Journey Jotters

Bitten by the travel bug


Greek ruins at Delphi

The weather this summer at home had been milder than usual, with spells of rain, very unlike the heat stroke type climate we would normally be dealing with.

Day 1 of our trip saw cloudy skies with some rain but it all cleared up by the time we were ready to leave for the airport. We couldn’t obtain online boarding passes. Turns out, the agent had to okay our departure since we were transiting through Turkey and didnt have an E-visa. We didn’t need an E-visa since our transit time was under 24 hours. Once the agent had all the boxes checked, it was smooth sailing. After security, we sat at the gate for our 45 min wait. Just before 3 pm, the gate agent announced that the flight was delayed due to thunderstorms in Houston leading to stopped traffic. Online radar showed storms until 6 pm. Our flight out of Houston was at 8:55 pm and luggage was checked through to Athens, so we felt secure waiting an hour.

At 4:30 pm, we were told that the flight had been moved to 6:15 pm, reaching IAH (Houston) around 7:30 pm. It would be a rush but we figured we could still get to the next flight on time. Still, deciding to look at alternate options, we searched for a gate agent to help us but one was not available. Around 5 pm, two other gates opened up that were for passengers on diverted flights. All in all, six flights were diverted from IAH to DFW due to the bad weather. And our flight was cancelled. Which meant a lot of frustrated and anxious travelers. And worse yet, frustrated and stressed gate agents.

By this time, Mr. JJ was on the phone with customer service for rebooking our flight to Houston. The Turkish flight was scheduled to depart Houston on time. With every growing minute, it looked less and less likely that we would be on that flight. With the kids standing in each open line for an agent and with the two of us on our phones, it was an interesting situation. A deja vu. My mind flashed back to the missed NZ flight in December and I had a sinking feeling that it would happen yet again.

I started researching all airport openings to Athens and Istanbul so I could prompt the agents into looking at all possibilities.  Eventually, two agents showed up at our original gate and we joined that line. By the time we bellied up to the gate agent, the rep on the phone with Mr. JJ reported that our only option was to fly to Newark the following day and take the direct Athens flight on United that evening reaching at 10:30 am on Monday morning. We would lose a few hours but better than losing a full day or worse, so we agreed. The gate agent was able to retrieve that information and she moved us to a 9 am flight from DFW to EWR (Newark) connecting to a 5 pm to Athens, also on United.

She called the main center to cancel our Turkish booking and rebook on United. This took nearly 25 minutes as they couldn’t reach Turkish Airlines. Eventually, she printed out new tickets to EWR and stopped. After staring at the screen for a few seconds, she informed us the connecting flight to Athens from EWR was on Monday evening and not on Sunday. That would mean we would have to pay for meals, stay and transportation in Newark and lose two full days in Athens. A costly proposition!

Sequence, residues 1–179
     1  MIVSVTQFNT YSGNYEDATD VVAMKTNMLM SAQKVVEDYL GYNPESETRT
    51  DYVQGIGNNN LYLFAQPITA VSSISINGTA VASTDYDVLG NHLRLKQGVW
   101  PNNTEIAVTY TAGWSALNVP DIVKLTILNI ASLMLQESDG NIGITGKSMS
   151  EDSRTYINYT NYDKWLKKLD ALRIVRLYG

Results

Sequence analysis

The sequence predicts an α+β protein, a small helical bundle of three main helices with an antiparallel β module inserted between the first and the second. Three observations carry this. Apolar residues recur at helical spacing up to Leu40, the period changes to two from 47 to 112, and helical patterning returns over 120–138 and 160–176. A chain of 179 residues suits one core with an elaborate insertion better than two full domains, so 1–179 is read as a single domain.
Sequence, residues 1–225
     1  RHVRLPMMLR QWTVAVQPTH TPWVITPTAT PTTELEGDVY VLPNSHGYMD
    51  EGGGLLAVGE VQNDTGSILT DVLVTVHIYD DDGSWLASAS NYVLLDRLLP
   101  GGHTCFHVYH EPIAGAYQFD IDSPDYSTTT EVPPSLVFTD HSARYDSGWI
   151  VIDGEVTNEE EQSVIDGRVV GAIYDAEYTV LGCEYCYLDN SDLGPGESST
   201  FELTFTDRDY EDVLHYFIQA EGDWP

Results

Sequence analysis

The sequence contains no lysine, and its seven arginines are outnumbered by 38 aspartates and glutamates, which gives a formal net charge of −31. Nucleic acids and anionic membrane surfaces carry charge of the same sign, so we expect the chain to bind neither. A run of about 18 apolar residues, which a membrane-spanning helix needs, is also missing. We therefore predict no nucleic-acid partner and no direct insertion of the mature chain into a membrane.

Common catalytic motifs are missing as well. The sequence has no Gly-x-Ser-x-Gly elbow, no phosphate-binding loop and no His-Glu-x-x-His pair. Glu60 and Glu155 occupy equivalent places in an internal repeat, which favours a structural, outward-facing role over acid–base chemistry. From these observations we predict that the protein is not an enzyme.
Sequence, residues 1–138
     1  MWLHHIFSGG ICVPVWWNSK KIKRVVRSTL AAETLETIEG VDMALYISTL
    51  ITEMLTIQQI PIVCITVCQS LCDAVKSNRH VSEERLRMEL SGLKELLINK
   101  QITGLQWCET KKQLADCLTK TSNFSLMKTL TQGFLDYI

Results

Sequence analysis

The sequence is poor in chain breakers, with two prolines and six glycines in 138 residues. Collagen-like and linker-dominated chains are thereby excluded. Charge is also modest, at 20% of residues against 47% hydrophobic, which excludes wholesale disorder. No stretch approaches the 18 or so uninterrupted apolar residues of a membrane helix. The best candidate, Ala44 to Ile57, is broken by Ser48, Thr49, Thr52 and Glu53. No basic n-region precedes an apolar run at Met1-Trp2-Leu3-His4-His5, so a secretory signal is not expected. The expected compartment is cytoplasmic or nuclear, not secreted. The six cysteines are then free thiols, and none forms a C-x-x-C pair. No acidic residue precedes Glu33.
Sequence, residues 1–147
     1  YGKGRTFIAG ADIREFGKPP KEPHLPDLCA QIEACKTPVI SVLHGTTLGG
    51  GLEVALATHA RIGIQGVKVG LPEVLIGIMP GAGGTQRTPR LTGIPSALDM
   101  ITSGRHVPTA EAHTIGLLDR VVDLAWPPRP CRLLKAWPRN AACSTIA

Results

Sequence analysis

Would this remain a dream?

By now, the line was growing longer. She was at the end of her tether and so were we! We decided to retrieve our luggage from baggage claim and walk over to the main ticketing desk to sort out the tickets. And allow other patient travelers a chance to finish their rebooking.

What I found frustrating was that no agent showed up to rebook our canceled flight for nearly 45 minutes after the event. When they did, one of them left several minutes later to take care of a different gate. Eventually, the agents passed out cards with phone numbers to call for rebooking while passengers stood in line. I am sure dealing with six diverted flights at one time is no easy task. But it appeared to me that the staff needed more back up and resources that didn’t materialise. The efficiency and effort seemed inadequate for such a big airline.

But there are silver linings to every black cloud. Or one could always end up creating one, sometimes. Luggage in hand, we marched back to the main ticketing desk. The first agent printed out the EWR-ATH tickets and asked us to step back without listening to our concerns. She said the lead agent would have to help us. Rude though she was, Mr. JJ remained polite and stepped back, patiently awaiting our turn again.

The next agent to help us looked like someone with greater experience. After looking through couple of airports and finding no tickets, she asked us to keep the EWR schedule. Since we were on mileage tickets, she said, our options were severely limited. I found flights out of Atlanta but United doesn’t fly there.

In desperation, I asked her to check for tickets on the same itinerary via Houston for the following evening. Doubtfully, she searched proclaiming success after a few minutes. As she prepared to print the tickets, she warned us that despite her rebooking the itinerary might not show up on Turkish airlines system. It had happened to another passenger just that morning. So it was a risk we were taking booking the Houston route again.

Before we left the airport, I called Turkish airlines and confirmed our reservation and requested a vegetarian meal. After a quick dinner at our neighborhood stop and Fro-yo for the kids, we reached home and I called Turkish again for seat assignment. They couldn’t give me one for the first leg from Houston to Istanbul, only for the second.

Tired but in good spirits, we made some small changes to our luggage and decided to call it a day.


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